Aquatic Invasive Species


The COLA Call
By Steve Hall




Aquatic Invasive Species



As we near the fishing opener and the summer boating season it is again time to be reminded that our lakes and rivers are under siege from a number of Aquatic Invasive Species (AIS). In Hubbard County we have four (that we know of) affected lakes, Portage and Eleventh Crow Wing – Curly Leaf Pondweed and Upper and Lower Twin – Faucet Snail. Just talk with someone who is waging the battle against an AIS and you will be convinced that the old saying “An ounce of prevention is worth a pound of cure” is very applicable.


Throughout history man has been the major culprit when it comes to introduced plant and animal species. Sometimes, as is the case with many landscape plants, this has worked out well and sometimes not so much. Purple Loosestrife was originally introduced to the U.S. in the 1800’s and later distributed as a landscape plant. If you’ve ever seen Purple Loosestrife in full bloom you would agree that it is beautiful. However, once it escaped into the wild it out competed our native plants and today it continues to wreak havoc on our wetlands. Lately there has been a lot of publicity about the spread of Zebra Mussel, a native to Southeast Russia. The Zebra Mussel is believed to have hitch hiked to the United States in the ballast water of ocean going ships. When the ballast water was dumped into the Great Lakes the Zebra Mussels had found a new home. The story is much the same with other AIS as man has unwittingly spread them far and wide. Since so many lakes in Minnesota are known to be infested with a variety of AIS we all need to be vigilant and do everything we can to prevent the further spread of these unwanted pests.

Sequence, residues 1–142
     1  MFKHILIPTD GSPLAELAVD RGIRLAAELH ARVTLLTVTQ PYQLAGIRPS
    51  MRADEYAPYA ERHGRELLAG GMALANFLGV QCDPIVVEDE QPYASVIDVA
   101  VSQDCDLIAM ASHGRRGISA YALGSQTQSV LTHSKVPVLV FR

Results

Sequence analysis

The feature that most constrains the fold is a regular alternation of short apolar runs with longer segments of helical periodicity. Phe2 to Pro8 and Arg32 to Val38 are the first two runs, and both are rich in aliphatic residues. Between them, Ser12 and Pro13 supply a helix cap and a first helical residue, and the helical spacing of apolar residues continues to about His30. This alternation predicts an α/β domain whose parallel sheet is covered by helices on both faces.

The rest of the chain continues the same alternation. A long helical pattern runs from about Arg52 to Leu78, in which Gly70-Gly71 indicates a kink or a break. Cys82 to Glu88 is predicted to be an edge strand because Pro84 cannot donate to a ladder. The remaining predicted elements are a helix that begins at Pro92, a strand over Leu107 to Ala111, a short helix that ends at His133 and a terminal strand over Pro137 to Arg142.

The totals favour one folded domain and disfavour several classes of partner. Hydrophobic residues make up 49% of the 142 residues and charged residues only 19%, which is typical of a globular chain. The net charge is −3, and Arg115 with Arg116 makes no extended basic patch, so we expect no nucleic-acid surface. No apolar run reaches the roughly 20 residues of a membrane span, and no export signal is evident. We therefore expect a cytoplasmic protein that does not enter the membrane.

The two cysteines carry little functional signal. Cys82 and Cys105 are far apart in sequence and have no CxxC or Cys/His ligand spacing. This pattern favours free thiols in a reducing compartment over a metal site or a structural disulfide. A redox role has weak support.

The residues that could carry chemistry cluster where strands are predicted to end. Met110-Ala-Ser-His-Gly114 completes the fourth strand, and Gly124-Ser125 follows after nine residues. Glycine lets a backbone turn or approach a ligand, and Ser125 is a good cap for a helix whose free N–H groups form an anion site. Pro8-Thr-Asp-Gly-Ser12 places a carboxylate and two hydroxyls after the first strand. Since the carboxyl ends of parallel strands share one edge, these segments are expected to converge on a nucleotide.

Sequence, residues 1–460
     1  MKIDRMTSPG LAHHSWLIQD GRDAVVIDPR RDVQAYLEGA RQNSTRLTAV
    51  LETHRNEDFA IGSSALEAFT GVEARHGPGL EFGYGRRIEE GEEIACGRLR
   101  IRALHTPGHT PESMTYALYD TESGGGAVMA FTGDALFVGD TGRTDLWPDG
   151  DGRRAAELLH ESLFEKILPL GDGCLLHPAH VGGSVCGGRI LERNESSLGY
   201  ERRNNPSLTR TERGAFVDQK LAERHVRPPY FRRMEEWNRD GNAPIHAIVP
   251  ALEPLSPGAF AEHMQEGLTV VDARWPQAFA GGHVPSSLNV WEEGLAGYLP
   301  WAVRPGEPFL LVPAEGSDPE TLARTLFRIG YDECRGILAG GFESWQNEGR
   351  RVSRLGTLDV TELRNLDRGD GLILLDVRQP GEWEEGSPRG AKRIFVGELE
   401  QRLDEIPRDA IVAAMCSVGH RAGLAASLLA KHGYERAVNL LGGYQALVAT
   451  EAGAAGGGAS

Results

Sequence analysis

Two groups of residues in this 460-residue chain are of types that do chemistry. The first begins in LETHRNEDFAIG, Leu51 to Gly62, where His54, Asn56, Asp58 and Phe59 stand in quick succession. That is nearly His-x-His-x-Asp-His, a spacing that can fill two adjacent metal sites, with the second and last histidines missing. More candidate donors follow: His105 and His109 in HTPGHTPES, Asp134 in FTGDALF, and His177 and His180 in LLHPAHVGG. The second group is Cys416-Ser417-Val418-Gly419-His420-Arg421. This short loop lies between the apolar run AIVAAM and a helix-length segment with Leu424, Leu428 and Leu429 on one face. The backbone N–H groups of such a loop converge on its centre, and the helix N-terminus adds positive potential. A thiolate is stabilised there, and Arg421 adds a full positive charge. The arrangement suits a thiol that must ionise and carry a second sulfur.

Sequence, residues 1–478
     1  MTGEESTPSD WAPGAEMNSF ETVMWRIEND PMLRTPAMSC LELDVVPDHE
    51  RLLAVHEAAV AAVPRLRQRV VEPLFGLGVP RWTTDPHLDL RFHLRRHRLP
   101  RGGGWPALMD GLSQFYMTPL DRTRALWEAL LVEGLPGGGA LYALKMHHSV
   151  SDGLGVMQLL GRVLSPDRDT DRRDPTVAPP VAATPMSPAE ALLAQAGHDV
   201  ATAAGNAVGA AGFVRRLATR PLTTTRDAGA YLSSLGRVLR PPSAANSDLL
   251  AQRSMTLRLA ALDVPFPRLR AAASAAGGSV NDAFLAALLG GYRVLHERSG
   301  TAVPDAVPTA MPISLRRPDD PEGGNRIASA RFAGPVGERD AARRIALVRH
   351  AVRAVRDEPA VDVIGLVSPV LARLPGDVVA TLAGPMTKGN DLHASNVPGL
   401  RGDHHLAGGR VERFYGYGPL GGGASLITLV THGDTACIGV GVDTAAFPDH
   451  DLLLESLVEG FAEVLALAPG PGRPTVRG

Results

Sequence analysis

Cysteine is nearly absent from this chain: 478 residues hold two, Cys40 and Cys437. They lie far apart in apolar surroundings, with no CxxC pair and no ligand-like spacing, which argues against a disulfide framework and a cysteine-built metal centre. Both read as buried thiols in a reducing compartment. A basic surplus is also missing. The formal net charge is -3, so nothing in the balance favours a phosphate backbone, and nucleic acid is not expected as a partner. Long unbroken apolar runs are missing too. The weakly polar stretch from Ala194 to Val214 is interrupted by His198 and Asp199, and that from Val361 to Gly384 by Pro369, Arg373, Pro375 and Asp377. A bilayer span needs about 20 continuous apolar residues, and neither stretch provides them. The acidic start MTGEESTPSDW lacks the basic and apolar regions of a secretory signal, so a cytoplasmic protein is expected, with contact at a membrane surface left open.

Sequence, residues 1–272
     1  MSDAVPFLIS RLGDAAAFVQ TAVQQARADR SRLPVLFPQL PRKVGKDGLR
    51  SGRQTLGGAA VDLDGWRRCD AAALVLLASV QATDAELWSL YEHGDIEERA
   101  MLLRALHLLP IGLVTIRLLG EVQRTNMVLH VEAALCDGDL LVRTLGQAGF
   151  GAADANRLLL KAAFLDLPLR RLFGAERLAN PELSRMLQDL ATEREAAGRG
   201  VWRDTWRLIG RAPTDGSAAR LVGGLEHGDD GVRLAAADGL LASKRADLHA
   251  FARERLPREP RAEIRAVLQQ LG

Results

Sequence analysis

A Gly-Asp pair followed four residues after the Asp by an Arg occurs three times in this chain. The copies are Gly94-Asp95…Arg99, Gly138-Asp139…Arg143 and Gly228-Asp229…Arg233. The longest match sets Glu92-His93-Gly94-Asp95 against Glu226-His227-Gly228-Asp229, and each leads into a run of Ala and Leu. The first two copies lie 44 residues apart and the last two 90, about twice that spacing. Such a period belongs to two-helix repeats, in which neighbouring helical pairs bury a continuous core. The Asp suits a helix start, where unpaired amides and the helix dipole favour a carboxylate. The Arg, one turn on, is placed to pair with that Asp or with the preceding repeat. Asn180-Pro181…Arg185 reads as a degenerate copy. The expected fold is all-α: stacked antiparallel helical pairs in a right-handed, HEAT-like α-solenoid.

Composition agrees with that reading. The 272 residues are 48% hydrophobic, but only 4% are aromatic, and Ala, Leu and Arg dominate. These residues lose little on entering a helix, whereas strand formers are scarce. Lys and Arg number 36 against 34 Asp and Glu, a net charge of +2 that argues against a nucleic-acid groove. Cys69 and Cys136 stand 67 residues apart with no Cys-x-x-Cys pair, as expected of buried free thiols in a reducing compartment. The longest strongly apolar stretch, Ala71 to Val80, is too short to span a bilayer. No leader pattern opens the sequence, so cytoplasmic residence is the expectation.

For several years now the Hubbard County COLA AIS taskforce has been actively involved in spreading the word about Aquatic Invasive Species. Some of the projects that they have undertaken are:


1.)    Worked with over 50 local resorts to educate them about the AIS threat. Informational packets were developed and distributed to the resorts to help them and their guests prevent the spread of AIS. 

2.)    Developed and distributed thousands of Z-fold AIS brochures to help educate local lake and river users. 

3.)    Worked with local law enforcement on AIS training. 

4.)    Worked with Lake Emma Township to have DNR interns inspect watercraft at boat landings in Lake Emma Township.


Things that we can all do to help prevent the spread of AIS are:


1.)    Inspect and remove all plants and animals from your boat, motors anchors/rope and trailer before you leave a body of water. 

2.)    Drain all water from motor, live wells, bilge and transom wells before leaving the boat landing. 

3.)    After fishing empty your bait bucket on land.

4.)    Wash/dry your boat, tackle, downriggers, trailer and other equipment.

For more information about the prevention of AIS please visit our website at: